Bush Administration Continues Emergency Contraception, Medicaid Reform Efforts
The New York Times on Sunday examined the question of whether President Bush can "recover the political clout to continue to advance his conservative domestic goals." According to the Times, "major parts of the president's agenda," such as efforts on the issues of the emergency contraceptive Plan B and Medicaid, "are rolling on" (Kirkpatrick, New York Times, 3/5). Summaries appear below.
FDA has delayed a decision on an application for over-the-counter sales of the emergency contraceptive Plan B, despite recommendations from an independent advisory committee and agency staff that "the benefits of easy access to the pill outweighed any possible risks," the Times reports.
Susan Wood, director of the FDA office of women's health, resigned in August 2005 because of alleged politicization of the Plan B decision.
Acting FDA Commissioner Andrew Von Eschenbach last month suggested to a House subcommittee that the agency would not make decision on Plan B in the near future (Harris, New York Times, 3/5).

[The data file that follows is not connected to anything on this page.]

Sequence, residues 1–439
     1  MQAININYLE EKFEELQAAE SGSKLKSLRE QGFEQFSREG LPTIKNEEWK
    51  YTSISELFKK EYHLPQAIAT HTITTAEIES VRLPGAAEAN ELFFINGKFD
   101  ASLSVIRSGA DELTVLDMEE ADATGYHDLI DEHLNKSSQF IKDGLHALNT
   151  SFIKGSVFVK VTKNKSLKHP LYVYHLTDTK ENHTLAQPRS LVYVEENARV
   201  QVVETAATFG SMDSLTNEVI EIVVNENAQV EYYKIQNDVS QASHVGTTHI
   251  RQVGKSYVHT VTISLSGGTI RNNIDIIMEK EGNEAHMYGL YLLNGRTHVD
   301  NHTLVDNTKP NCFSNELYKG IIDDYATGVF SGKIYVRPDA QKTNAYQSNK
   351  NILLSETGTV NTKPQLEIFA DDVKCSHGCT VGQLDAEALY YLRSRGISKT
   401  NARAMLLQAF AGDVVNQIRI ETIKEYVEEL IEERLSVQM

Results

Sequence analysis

"Conservatives say the Bush administration has not done much to cut the growth" of entitlement programs, but Bush "won a big victory on Medicaid last month" with the enactment of the fiscal year 2006 budget reconciliation law, the Times reports. Under the law, states can reduce benefits and end coverage for Medicaid beneficiaries who fail to pay premiums.
In addition, the law allows pharmacists to refuse to fill prescriptions and providers to refuse to provide services to Medicaid beneficiaries who fail to make copayments. The Congressional Budget Office estimates that the law will increase health care costs for millions of Medicaid beneficiaries (Pear, New York Times, 3/5).